Don’t Sing Songs to a Heavy Heart

Don’t Sing Songs to a Heavy Heart

Are you ever unsure about what to say to someone who is grieving or in a crisis? The book, Don’t Sing Songs to a Heavy Heart, by Dr. Kenneth Haugk, offers good advice. The title comes from Proverbs 25:20: “Like one who takes away a garment on a cold day, or like vinegar poured on soda, is one who sings songs to a heavy heart.” Haugk says this proverb “speaks about the false cheeriness of caregivers who gloss over the sufferer’s pain. Though it might seem you could lighten a heavy heart by ‘singing songs’ to it, by uttering lighthearted words, the chances are great that you’ll only make things worse.”

In his book, Haugk lists some comments his research found to be universally hurtful to those on the receiving end:

  • “I know how you feel.” No you don’t. Instead, try asking, “How are you feeling?”
  • “It’s for the best.” That may be true, but let the hurting person arrive at that conclusion independently.
  • “Keep a stiff upper lip.” This implies the person needs to get through this situation quickly. Better: “Give yourself time to grieve.”
  • “At least _________” (Example: “At least he lived a long life.”) It’s all right to think “at least” thoughts; just don’t say them.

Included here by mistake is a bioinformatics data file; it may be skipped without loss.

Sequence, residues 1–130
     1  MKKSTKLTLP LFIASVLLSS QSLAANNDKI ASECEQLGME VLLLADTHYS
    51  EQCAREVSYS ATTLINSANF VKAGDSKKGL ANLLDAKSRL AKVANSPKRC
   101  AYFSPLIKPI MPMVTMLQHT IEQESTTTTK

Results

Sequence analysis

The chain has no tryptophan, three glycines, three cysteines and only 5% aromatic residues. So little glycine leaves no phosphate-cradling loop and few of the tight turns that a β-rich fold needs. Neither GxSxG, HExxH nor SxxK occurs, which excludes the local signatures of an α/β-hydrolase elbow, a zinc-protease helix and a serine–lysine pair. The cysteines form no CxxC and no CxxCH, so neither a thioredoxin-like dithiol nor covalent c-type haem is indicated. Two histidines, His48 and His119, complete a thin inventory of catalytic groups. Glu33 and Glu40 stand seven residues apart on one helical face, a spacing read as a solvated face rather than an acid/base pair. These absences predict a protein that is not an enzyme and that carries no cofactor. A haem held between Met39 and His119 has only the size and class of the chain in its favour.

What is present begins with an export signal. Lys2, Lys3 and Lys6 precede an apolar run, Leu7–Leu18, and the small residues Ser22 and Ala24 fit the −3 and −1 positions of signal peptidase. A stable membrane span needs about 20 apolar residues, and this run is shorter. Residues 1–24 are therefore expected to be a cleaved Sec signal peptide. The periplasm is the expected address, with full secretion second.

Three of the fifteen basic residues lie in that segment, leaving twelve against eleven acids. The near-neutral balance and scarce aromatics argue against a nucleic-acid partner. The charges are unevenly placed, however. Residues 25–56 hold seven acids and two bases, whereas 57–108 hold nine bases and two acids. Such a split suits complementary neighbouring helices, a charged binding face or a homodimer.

• “You should/shouldn’t ___________” These kinds of comments bring more pain to the sufferer and shut down communication.
  • “God doesn’t give you more than you can handle.” This comment adds to their burden by implying God caused the suffering.
  • “It’s God’s will.” Who are you to know the mind of God? Saying that denies someone the right to feel what they feel.

So, what can you do to help someone who is hurting? How about some of these suggestions?

  • Write a personal note. Speak from your heart. Focus on the suffering person rather than on yourself.
  • Make phone calls with caution. Ask if it’s a good time to talk and keep the calls brief. Listen more than you talk.
  • Ask appropriate, open-ended questions that require more than a yes/no answer and then be patient and listen.
  • Give (rather than lend) good reading material.

“Be happy with those who are happy, and weep with those who weep.” (Romans 12:15)